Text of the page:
The image of Vladimir Putin, the president of Russia, is shrouded in mystery and intrigue. Many western pundits today are baffled by Putin’s intentions and strategy in Russia’s fight with Ukraine.
School of thoughts about Putin
In the West, there are three schools of thought about Putin.
The first rejects Putin as someone who has lost touch with reality, gone mad, or been afflicted with an illness for a long.
It touts how Putin planned to invade all of Ukraine without thinking about the serious consequences.
It assumed how Putin expected to use multiple entry points, employing “shock and awe” tactics against the Ukraine’s political and military leaders, and hoped for an easy victory against Ukraine, counting on his huge military over a weaker and smaller adversary. It also depicted Putin as being overconfident in the aftermath of successfully conquering Crimea in 2014 and supporting Syria’s Bashar al-Assad in keeping power since 2015.
The second school of thought views Putin as a master strategist, a grand master chess player who is always several steps ahead of his opponents. As per them, Putin’s every action is strategic and intended to elicit a reaction. He is a genius who, through cunning planning and scheming, has managed to shape Russia to his authoritarian will and has put an end to all the chaos like Chechnya like a master strategist.
Russia’s strategy in Georgia and the annexation of Crimea are often revered in this second school of thought.
The third school of thought declares Putin to be a dictator. It believes that any opposition to Putin’s reign is brutally put down and that his political foes are frequently discovered dead. It anticipates that his rule is marked by the use of propaganda tools or what Russians call “Kompromat”. It puts Putin along the lines of Saddam Hussein and Muammar Gaddafi who were dictators ruling their nations with pure despotism.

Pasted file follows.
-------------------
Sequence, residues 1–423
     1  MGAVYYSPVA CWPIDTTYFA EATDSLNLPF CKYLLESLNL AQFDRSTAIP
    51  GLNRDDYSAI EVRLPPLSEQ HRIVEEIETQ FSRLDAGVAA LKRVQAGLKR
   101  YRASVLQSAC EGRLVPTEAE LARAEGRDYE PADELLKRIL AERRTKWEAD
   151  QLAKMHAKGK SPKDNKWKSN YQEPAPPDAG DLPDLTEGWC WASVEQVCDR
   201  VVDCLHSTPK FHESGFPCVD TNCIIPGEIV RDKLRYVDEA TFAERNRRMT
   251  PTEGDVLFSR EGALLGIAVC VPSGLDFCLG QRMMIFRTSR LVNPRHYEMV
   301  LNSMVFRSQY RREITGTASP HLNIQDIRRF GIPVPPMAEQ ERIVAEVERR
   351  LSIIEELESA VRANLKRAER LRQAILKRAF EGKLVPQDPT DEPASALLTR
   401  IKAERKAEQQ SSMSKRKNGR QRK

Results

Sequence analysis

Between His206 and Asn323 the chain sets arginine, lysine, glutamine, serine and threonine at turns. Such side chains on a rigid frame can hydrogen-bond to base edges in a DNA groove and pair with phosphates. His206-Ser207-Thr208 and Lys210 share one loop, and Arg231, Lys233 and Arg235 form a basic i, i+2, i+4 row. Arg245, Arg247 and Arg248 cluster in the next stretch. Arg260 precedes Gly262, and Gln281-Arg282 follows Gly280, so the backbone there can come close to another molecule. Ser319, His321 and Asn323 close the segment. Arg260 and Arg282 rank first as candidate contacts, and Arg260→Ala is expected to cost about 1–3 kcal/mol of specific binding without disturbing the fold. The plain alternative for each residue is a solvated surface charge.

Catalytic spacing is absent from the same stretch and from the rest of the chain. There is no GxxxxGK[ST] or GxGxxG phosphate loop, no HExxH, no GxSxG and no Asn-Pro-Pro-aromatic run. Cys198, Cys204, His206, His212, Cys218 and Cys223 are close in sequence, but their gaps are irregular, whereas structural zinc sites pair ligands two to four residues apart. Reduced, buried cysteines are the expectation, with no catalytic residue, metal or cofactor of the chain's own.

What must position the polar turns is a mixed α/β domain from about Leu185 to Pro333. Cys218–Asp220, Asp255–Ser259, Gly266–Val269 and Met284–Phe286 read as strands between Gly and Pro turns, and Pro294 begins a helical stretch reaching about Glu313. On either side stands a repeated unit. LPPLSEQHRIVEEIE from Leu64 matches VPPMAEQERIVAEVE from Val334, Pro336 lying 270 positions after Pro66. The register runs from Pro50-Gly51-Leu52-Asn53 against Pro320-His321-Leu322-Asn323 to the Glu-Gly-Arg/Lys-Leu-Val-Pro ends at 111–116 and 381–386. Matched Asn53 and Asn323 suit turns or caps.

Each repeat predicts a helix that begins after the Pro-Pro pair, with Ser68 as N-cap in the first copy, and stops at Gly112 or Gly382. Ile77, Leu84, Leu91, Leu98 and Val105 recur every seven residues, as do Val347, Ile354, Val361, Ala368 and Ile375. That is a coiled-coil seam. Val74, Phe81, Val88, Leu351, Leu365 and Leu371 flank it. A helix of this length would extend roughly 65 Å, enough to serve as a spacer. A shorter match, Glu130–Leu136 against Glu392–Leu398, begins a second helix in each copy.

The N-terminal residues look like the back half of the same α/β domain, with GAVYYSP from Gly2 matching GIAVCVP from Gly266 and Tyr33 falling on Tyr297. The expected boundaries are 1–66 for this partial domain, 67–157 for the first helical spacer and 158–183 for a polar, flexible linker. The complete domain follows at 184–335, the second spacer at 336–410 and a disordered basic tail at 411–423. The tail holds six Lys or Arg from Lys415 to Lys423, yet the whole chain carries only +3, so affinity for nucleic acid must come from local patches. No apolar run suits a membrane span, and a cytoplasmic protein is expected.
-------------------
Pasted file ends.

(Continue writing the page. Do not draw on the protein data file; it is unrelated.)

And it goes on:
The ignored truth
However, none of the school of thoughts seem to present a complete picture of Putin.
Putin is not deranged or demented as first school of thought claims. Kenneth Dekleva, a former US physician-diplomat who spent five years in Moscow and who has extensively studied and profiled adversarial leaders for US national security and policy communities has concluded, “I do not find, nor have I seen in over 22 years of closely studying Putin, any signs of mental instability. He is, and remains, a rational actor.”
Secondly, the assumption that Putin had planned to occupy all of Ukraine is wrong too.
Russian armed forces attacking from the north toward Kyiv and from the south toward Odesa was a pure strategy as their main goal was the liberation of Donbas. Russia’s plan was to divert Ukraine’s attention and scatter its troops and arms. Once scattered it’d have been easy for the Russians to occupy Donetsk and Luhansk.
He’s also not the “master strategist” and is bound to make mistakes. The assumption by the second school of thought that Kyiv would fall in a matter of days didn’t materialise either.
Putin is also widely popular and his popularity has risen after the Ukraine war. According to a survey by the Levada Centre, a non-governmental polling organization, Putin’s popularity has risen to 80%, 12 points higher than in February.
Putin is an ordinary leader with an edge in strategic skills. He played smart when he warned outside powers that any attempt to interfere in Ukraine war would “lead you to such consequences that you have never encountered in your history”. The statement was seen as an indication of “nuclear war” and warned US and NATO from directly engaging in war. However, he is not suicidal and recently clarified that “no one can win a nuclear war.”
Also, the legends about the KGB and Putin’s talents are exaggerated too. KGB is just as flawed as any bureaucracy. Jack Barsky, an ex-KGB agent during the Cold War says, “There is a lot of dead wood, a lot of ignorance, a lot of politics. The KGB is not 10 feet tall.”
So, Putin is neither stupid nor perfect. Well, the only thing which is true about Putin is he keeps people guessing. One thing that the Western media houses often miss about Putin is that he too is a human and he has his share of strengths and weaknesses, as all of us have.